The Brand "You"

When your child first begins puberty, the changes in them goes beyond just the physical. There are emotional changes as well and suddenly you may feel as though your child is a "brand new person".  At this stage, they will learn more about personal branding.  Click here to read how this can impact on them.

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Beyond academics - learning through risk-taking

Risk_thumb1.jpgA YOUNG Singaporean suffered serious injuries in a jet ski accident in early April. He was apparently hit by another jet ski-er. He was part of a group of friends who were on holiday together. In another instance, my nephew J was in a neighbouring city recently. He had gone there with a few of his friends for a holiday. It so happened that his going there was at a time of some political tension. Some violence erupted there hours after his return home to Singapore a week later.

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Bringing Up Boys

Title: Bringing Up Boys
Author: James Dobson
Publisher: Tyndale House Publishers
First Published: 2001
Price: US$16
Reviewer: E Charles

Dr Dobson, a leading American child psychologist lays out the role of parents on bringing up boys in this way:

Their assignment during two brief decades will be to transform their boys from immature and flighty youngsters into honest, caring men who will be respectful of women, loyal and faithful in marriage, keepers of commitments, strong and decisive leaders, good workers, and secure in their masculinity.”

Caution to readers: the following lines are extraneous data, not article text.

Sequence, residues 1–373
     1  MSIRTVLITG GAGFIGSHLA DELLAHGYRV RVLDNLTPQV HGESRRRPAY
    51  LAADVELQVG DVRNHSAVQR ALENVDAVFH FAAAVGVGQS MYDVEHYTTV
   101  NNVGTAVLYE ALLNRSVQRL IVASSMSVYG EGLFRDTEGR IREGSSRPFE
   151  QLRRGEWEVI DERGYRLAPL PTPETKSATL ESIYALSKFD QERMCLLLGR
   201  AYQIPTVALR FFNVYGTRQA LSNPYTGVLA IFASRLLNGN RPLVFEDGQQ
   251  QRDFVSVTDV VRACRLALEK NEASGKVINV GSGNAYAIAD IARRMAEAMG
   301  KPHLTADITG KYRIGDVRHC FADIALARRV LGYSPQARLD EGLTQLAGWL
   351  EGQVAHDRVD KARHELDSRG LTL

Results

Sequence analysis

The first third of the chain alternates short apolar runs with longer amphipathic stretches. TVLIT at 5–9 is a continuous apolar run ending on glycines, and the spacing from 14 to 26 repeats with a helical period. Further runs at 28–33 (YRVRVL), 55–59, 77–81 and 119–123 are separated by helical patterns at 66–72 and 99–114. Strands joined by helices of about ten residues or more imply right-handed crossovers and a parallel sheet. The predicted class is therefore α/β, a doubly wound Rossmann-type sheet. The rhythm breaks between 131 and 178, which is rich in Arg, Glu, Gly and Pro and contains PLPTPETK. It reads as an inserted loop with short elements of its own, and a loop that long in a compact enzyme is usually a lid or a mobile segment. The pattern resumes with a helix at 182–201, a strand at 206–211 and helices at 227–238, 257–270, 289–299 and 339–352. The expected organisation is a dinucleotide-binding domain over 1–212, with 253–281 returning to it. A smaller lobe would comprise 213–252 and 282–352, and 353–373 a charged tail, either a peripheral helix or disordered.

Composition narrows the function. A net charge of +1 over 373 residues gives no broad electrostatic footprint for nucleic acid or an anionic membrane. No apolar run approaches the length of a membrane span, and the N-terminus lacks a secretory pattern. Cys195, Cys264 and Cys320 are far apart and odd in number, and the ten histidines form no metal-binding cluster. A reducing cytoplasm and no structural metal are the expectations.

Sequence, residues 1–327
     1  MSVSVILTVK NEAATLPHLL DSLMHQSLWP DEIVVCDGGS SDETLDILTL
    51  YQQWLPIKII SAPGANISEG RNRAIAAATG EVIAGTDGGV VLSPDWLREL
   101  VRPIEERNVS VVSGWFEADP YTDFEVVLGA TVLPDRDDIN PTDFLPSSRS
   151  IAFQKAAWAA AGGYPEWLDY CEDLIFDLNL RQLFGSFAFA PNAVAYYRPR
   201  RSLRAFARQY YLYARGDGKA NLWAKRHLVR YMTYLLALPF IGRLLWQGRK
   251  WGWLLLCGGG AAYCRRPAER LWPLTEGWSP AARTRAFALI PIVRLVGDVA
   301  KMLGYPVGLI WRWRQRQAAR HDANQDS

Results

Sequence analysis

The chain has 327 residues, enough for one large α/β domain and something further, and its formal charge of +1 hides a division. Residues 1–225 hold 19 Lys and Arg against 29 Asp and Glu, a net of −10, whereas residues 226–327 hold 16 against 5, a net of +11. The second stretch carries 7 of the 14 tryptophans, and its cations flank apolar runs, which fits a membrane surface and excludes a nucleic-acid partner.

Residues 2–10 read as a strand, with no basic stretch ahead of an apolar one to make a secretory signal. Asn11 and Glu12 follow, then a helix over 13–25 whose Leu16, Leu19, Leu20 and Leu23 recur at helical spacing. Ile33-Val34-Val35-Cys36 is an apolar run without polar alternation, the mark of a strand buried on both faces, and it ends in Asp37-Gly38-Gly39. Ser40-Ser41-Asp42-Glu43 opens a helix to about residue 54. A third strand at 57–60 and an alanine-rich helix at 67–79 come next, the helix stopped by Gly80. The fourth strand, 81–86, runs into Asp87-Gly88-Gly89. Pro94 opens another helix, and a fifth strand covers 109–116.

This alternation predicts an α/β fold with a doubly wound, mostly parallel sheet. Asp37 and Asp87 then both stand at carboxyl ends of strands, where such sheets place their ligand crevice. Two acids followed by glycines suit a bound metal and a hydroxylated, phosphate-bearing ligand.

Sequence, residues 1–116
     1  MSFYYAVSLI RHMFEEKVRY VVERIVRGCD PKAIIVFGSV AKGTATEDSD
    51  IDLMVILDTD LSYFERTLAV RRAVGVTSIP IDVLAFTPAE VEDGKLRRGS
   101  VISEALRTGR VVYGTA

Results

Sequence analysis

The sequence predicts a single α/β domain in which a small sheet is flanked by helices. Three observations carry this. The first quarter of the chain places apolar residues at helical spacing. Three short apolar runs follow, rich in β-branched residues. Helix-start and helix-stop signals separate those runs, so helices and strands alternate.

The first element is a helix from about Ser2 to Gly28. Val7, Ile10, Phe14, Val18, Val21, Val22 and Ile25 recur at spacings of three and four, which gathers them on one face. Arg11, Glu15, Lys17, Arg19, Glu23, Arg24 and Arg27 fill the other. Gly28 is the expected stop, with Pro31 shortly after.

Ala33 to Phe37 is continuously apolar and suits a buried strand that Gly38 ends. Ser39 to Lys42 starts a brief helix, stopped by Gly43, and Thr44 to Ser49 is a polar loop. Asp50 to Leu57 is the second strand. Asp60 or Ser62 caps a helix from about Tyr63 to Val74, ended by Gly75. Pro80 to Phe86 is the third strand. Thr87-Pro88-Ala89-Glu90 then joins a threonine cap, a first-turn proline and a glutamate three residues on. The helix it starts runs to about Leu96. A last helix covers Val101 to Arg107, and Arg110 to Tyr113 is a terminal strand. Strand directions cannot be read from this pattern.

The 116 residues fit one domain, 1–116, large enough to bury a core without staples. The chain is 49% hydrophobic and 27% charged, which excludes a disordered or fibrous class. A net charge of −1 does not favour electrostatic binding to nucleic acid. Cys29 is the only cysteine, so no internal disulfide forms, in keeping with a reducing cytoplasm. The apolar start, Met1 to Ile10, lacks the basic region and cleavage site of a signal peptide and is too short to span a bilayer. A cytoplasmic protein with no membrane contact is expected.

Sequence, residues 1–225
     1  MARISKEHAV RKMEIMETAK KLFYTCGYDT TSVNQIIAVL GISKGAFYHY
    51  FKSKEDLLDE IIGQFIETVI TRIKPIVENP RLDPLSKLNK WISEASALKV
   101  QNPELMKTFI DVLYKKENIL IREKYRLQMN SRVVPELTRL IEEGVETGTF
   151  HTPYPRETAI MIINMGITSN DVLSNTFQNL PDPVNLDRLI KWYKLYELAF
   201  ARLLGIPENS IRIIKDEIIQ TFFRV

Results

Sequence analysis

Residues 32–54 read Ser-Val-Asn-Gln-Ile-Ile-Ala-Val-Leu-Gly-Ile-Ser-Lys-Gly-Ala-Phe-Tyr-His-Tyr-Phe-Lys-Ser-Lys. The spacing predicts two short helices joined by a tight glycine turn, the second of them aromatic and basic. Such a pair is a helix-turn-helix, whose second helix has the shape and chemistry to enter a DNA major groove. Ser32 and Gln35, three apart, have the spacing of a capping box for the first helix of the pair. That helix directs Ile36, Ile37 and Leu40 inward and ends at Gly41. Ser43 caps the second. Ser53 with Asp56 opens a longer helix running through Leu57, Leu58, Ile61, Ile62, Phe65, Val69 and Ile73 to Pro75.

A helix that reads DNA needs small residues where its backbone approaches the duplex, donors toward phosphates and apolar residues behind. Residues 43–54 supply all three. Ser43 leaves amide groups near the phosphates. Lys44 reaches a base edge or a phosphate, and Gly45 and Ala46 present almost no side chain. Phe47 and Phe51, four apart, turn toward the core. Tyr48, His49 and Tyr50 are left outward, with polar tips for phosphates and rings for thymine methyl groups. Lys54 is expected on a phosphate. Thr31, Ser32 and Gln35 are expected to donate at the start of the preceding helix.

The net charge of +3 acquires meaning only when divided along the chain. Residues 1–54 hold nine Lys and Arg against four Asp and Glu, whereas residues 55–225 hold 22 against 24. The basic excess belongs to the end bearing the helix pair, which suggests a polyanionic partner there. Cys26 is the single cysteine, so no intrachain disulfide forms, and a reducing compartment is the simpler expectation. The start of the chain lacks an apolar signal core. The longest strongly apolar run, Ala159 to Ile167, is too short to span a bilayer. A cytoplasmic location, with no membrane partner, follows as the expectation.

This is an objective that few parents would disagree with. But how do we achieve it?

The key lies in the need to understand and respect that boys in general are fundamentally different from girls. Dr Dobson draws attention to this gender difference and what it entails. Boys act the way they do (unlike girls) because of the different way they think about risky behavior. Girls tend to think hard about whether or not they could get hurt, and they are less likely to plunge ahead if there is any potential for injury. Boys, however, will take a chance if they think the danger is worth the risk. Impressing their friends (and eventually girls) is usually considered worth the risk.

In typical uncompromising fashion, Dr Dobson informs parents to accept this fact that “boys are like this because of the way they are wired neurologically and because of the influence of hormones that stimulate certain aggressive behaviour.”

However, Dr Dobson sees the confusion of the role of men in society today to make it ever more challenging for parents and teachers, putting them at a loss about how to bring up boys. He believes that prevailing culture has vilified masculinity…with the result boys are suffering.

This is compounded by the disengagement of parents in our fast-paced and dizzying world through divorce and career demands."

Boys "typically suffer more" from parental neglect and mistreatment than girls "because boys are more likely to get off course when they are not guided and supervised carefully."

In the book, he devotes whole chapters to the importance of healthy father-son and mother-son relationships, the special challenges facing single mothers, and the value of good relationships between children and grandparents.

A culmination of four years of painstaking research, and written in his frank and authoritative manner, it is an advice-packed, sobering but encouraging reference for the parents of boys.